Cash remittances slowed steeply in November last year amid the expected uptick of remittances nearing the holiday season.
The Bangko Sentral ng Pilipinas (BSP) said on Wednesday the money sent by millions of migrant Filipino workers aggregated $2.12 billion in November last year, representing growth of 2 percent compared to the same month the year before.
The surprise 2-percent uptick was the slowest in five years, or since January 2009, when remittances grew by just 0.1 percent.
This was also the steepest slowdown to date.
BSP Deputy Governor for the Monetary Stability Sector Diwa C. Guinigundo said volatility in the foreign exchange is partly to blame for the deceleration.
“In the past, when the dollar appreciates against the peso, the tendency is for overseas workers to adjust so that the peso value of their remittance will more or less be the same. So if the peso depreciates against the dollar, then they can afford to send a lower amount of dollar remittances, while the peso equivalent will be broadly the same,” Guinigundo told reporters at the sidelines of the Papal Commemorative Coin launch.
The peso traded at 44 to 45 against the US dollar in November last year, weaker compared to the 43 to 44 to a dollar band in November 2013.
“But if you look at the cumulative, it is still in excess of our target,” Guinigundo quickly added. The month’s actual remittance volume was also slower than the $2.22 billion reported in October 2014.
The remittances brought the 11- month aggregate to about $23 billion. While the remittance growth in the January-to-November period last year slowed to 5.7 percent from 6.2 percent in the January-to-October period, this was still within the government’s assumed rate of a 5.5-percent growth for 2014.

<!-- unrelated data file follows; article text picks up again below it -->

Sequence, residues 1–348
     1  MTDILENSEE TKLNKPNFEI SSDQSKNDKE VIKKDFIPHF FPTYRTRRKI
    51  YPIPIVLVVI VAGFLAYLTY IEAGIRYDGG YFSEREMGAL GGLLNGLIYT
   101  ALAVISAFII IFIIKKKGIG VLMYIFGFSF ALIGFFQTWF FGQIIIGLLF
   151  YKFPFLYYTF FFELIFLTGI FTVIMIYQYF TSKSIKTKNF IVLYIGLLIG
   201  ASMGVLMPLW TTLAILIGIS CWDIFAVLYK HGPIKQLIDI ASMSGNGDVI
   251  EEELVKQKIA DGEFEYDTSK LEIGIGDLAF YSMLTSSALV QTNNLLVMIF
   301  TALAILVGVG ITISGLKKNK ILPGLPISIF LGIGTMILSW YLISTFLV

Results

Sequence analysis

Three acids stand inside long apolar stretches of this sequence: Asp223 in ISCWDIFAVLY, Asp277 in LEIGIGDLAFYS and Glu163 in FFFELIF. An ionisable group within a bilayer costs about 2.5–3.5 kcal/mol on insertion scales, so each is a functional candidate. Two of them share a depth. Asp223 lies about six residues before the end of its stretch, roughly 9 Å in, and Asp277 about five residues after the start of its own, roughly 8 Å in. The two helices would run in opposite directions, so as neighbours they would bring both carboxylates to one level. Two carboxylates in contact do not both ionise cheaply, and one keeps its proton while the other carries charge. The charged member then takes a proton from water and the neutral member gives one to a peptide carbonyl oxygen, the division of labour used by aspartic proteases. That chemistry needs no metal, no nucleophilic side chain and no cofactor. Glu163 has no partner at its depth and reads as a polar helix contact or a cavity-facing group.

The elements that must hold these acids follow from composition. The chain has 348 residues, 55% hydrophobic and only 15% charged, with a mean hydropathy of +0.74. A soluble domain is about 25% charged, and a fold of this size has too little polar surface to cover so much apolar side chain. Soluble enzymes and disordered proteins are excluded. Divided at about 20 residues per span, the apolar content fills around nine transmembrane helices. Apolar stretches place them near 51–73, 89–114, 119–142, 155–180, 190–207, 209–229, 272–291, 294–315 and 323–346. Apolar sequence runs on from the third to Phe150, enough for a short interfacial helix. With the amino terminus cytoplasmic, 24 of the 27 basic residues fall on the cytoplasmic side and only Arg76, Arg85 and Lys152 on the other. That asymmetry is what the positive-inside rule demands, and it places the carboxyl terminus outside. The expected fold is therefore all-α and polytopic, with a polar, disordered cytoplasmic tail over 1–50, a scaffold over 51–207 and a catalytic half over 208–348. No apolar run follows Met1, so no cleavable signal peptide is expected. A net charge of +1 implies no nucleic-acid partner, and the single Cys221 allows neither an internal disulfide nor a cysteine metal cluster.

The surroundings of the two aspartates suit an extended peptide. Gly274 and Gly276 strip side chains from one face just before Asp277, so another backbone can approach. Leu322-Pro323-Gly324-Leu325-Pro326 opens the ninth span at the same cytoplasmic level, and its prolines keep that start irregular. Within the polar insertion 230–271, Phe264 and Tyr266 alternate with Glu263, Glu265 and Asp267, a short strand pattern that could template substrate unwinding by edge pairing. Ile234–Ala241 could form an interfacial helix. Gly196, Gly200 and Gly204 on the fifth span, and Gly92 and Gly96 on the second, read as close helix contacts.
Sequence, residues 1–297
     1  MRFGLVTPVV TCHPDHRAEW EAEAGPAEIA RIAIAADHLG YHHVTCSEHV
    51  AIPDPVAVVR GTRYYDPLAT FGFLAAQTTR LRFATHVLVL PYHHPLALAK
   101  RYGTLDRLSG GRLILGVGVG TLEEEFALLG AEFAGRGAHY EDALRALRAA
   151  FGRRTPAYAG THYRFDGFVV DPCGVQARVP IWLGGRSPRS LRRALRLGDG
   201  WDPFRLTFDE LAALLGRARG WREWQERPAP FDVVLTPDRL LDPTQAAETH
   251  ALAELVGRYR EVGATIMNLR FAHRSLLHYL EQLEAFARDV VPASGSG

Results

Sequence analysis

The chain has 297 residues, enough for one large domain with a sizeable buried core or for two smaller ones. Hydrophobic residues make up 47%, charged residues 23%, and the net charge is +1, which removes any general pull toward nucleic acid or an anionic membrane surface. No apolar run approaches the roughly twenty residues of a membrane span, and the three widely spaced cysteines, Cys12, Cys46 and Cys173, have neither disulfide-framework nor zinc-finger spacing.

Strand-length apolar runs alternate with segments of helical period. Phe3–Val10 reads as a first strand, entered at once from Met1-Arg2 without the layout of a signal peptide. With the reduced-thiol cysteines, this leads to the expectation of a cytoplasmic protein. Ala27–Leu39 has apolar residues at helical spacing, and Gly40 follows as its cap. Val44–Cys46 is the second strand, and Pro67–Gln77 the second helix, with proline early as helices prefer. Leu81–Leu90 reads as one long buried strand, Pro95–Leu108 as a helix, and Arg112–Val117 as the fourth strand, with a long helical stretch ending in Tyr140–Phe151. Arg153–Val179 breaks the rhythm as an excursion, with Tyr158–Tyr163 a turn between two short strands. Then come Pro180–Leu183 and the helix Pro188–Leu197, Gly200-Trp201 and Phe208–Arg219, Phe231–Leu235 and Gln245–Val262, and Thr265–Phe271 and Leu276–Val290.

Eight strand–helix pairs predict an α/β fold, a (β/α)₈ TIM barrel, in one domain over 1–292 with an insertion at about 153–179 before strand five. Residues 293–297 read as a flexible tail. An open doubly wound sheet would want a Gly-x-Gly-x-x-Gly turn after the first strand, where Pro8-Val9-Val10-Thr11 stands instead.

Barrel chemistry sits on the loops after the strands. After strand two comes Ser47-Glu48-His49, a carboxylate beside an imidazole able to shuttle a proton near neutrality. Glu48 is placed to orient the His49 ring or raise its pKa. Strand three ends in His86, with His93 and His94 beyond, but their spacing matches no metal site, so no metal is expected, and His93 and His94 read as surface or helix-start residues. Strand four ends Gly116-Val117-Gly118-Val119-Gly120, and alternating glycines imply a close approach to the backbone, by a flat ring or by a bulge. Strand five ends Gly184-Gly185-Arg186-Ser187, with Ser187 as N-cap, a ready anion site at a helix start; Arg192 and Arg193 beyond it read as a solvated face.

The BSP reported cash remittances from land-based workers hitting $16.9 billion, while remittances from sea-based workers hit $5.1 billion.
“The continued deployment of skilled manpower remained a key driver of the sustained growth of remittance flows,” the central bank said.
The top country remitters were from the United States, Saudi Arabia, the United Arab Emirates (UAE), the United Kingdom, Singapore, Japan, Hong Kong and Canada.
The central bank also cited the job orders data from the Philippine Overseas Employment Administration showing 855,357 approved job orders in January-to-November 2014, 38.3 percent of which were processed job orders intended for service, production and professional, technical and related workers in Saudi Arabia, the UAE, Kuwait, Taiwan and Qatar.
Guinigundo also said they expect to see a recovery in December as migrant workers historically send more in the final month of the year for the holiday expenses for beneficiary families.